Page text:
Jordan Belson – Allures (1961)

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Originally a widely-exhibited painter, Jordan Belson turned to filmmaking in 1947 with crude animations drawn on cards, which he subsequently destroyed. He returned to painting for four years and in 1952 resumed film work with a series that blended cinema and painting through the use of animated scrolls. The four films produced in the period 1952-53 were Mambo, Caravan, Mandala, and Bop Scotch. From 1957-59 he worked with Henry Jacobs as visual director of the Vortex Concerts at Morrison Planetarium in San Francisco. Simultaneously he produced three more animated films, Flight (1958), Raga (1959), and Seance (1959). Continue reading

Derek Jarman – A Journey to Avebury (1971)

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Journey to Avebury beautifully reflects Derek Jarman’s fascination with ancient history, paganism, and Celtic traditions.

An IMDB review:
Derek Jarman is often said to be a painter rather than a movie director. Indeed, with his films he makes pictures that seem to be more important than the plot (which is usually unclear or missing at all). But those pieces of art he creates using camera are beautiful and astounding.

A JOURNEY TO AVEBURY, his 1971 silent short movie, is a literal journey that we can experience. We are being taken to Avebury and given the chance to admire it for 10 minutes. The shots are incredibly beautiful, as we see a huge stone or trees bathed in orange light of sunset.

The film lacks a plot and sound and should be treated as a collection of images rather than a movie. If you like Jarman’s art – you’ll be pleased with this one. If you like beauty – you’ll love it. But if you’re looking for action or amusement, better walk around it because these 10 minutes might just be too long for you. Continue reading

Richard Myers – 37-73 (1974)

“I think 37-73 is an extraordinary work, and the best of [Myers’] long films. I am astonished by his skill in image making, and his power to evoke the crazy pain of being an artist. It is a haunting work, with unforgettable scenes ….” – James Broughton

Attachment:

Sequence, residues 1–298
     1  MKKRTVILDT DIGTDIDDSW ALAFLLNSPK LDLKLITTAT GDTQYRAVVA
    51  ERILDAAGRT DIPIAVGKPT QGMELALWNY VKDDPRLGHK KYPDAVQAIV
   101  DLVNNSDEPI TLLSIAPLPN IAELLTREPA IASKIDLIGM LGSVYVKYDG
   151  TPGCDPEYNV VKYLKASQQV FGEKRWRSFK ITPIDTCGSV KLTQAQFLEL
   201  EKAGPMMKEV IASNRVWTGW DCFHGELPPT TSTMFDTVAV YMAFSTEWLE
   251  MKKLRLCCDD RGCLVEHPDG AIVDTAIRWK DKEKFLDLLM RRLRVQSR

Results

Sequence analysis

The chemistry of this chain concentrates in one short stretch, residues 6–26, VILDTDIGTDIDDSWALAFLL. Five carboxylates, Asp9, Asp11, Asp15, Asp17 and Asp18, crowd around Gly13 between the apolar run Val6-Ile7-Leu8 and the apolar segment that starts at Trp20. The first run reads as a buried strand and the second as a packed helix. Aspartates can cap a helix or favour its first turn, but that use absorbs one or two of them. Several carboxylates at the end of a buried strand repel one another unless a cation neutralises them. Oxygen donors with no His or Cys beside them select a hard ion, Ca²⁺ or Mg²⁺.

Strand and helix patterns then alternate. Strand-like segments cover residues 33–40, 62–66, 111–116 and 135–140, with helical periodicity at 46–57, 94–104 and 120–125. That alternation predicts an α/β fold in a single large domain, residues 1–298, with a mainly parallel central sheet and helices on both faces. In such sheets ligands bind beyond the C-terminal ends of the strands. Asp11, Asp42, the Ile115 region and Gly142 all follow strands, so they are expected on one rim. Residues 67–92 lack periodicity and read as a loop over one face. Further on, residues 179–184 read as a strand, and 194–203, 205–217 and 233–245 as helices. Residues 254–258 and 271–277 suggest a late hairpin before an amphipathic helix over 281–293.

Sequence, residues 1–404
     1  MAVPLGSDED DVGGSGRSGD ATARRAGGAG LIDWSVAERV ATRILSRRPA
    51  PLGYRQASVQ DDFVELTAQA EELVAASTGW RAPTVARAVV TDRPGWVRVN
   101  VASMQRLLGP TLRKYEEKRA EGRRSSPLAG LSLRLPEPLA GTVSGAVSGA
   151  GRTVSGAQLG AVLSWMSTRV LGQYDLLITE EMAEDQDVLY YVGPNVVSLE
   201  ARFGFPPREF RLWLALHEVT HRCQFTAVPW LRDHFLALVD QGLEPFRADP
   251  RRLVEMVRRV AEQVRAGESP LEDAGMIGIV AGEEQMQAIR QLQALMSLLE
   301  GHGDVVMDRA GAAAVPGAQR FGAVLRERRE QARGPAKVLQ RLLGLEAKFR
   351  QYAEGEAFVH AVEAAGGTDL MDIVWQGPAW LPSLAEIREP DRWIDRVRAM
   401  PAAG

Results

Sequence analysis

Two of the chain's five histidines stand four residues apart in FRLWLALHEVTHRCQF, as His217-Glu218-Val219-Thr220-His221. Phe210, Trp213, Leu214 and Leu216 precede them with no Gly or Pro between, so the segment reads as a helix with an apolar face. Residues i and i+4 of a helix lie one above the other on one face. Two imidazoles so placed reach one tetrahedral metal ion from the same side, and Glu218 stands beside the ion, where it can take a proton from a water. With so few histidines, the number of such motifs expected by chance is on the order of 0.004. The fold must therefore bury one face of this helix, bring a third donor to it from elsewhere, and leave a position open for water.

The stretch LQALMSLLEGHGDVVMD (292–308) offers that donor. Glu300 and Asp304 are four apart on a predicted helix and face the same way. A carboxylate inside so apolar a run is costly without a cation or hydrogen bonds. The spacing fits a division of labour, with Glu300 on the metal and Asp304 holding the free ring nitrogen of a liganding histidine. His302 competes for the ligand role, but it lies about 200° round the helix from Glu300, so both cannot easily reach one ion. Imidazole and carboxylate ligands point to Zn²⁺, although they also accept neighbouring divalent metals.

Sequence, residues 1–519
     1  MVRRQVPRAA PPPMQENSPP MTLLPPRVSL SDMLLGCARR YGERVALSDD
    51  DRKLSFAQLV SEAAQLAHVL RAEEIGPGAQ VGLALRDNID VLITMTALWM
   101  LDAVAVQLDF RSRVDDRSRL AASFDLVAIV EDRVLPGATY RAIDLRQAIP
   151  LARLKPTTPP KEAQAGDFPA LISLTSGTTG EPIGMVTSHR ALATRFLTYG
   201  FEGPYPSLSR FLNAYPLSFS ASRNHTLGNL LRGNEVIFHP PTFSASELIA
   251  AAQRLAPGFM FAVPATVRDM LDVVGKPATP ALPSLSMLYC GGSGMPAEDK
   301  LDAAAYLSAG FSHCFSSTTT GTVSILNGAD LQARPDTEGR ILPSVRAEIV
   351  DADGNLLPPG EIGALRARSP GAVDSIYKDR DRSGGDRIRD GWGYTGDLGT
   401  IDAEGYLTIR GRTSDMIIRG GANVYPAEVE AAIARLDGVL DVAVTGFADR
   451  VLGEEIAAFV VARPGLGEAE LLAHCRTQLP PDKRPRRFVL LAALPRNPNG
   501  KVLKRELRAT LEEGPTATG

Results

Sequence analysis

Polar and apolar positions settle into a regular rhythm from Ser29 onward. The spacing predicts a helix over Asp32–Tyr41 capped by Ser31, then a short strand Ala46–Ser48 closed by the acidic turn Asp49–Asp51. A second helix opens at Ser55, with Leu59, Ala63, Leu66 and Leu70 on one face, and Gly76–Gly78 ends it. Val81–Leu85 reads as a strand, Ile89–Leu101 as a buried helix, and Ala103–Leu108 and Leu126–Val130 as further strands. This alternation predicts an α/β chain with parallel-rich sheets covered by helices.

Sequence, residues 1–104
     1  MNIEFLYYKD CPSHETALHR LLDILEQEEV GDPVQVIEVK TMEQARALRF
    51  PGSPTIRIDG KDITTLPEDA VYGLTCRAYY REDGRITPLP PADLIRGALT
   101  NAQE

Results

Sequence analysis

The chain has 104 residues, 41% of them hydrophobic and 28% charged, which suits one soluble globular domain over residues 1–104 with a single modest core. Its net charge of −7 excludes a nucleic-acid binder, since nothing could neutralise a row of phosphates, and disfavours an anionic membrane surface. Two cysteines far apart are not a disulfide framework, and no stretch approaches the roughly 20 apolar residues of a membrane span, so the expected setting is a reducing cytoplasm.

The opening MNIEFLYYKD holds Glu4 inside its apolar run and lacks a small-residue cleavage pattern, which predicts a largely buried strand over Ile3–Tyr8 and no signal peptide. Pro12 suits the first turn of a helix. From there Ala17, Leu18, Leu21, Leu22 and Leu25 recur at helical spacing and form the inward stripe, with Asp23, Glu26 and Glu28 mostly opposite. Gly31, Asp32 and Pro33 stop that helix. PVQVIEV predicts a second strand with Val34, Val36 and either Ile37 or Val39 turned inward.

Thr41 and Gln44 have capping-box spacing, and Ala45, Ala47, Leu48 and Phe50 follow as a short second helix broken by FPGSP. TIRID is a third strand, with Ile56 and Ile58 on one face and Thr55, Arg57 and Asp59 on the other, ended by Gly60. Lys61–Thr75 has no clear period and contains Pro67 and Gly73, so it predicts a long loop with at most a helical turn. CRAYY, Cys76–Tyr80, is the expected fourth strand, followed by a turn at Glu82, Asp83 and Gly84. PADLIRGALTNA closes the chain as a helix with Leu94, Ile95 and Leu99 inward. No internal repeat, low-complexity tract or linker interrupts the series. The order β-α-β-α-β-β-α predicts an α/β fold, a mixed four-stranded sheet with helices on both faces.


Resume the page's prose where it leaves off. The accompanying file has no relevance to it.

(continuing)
“Richard Myers’ 37-73 was far and away the most noteworthy film in the Exposition (9th Annual Independent Filmmakers Exposition). In fact, Richard Myers is, in my opinion, one of the few innovative conceptually oriented filmmakers in the country. As powerful and complex as is AKRAN, 37-73 is more taut, richer in associative meaning …. 37-73 is about dreams, about memory and its associations with nightmare and magic.” – Owen Shapiro

“Through Myers’ so eloquently expressed dream world we’re able to perceive the entire panorama of the specifically American imagination. It’s as if he’s tapped our collective subconscious.”—Kevin Thomas, LA Times. Continue reading

Stavros Tornes – Addio Anatolia (1976)

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Synopsis :
Stavros Tornes’ first non-fiction short combines a beautifully poetic text with a series of tracking shots in the streets of Rome, set to music by Charlotte Van Gelder. Somewhere between documentary and poetic essay, this film was born out of Tornes’ love for Africa and the Orients, his never-ending agony over bloody revolutions and his passionate use of cinema to approach the Other. Continue reading

Celestino Coronado – Hamlet (1976)

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Quote:
[A] radical reinvention of [Hamlet was] carried out by Celestino Coronado in a 16mm-and-video project made at the Royal College of Art in 1976. Taking its cue from Hamlet’s speech to Gertrude concerning “the counterfeit presentment of two brothers”, Coronado casts identical twins Anthony and David Meyer as not only twin Hamlets but also the Ghost, Laertes and the Player King, with Helen Mirren playing both Gertrude and Ophelia. Though the budget was admittedly tiny, this was not a money-saving device: this doubling served to emphasise the way the play’s characters frequently mirror each other in method and motivation. Continue reading

George Kuchar – Symphony for a Sinner (1979)

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Quote:
Symphony for a Sinner (1979) was a long, lavishly photographed color film generally considered the magnum opus of the class productions. New York critic and coauthor of Midnight Movies J. Hoberman would rank it as one of the ten best films of the year, while Stan Brakhage would call it “the ultimate class picture.” John Waters, who now visited George regularly whenever he passed through San Francisco, envied the lurid color photography and wanted George to shoot his next picture (which would have been Polyester and didn’t happen). Symphony, Waters said, had the look he craved for Desperate Living (1977). Continue reading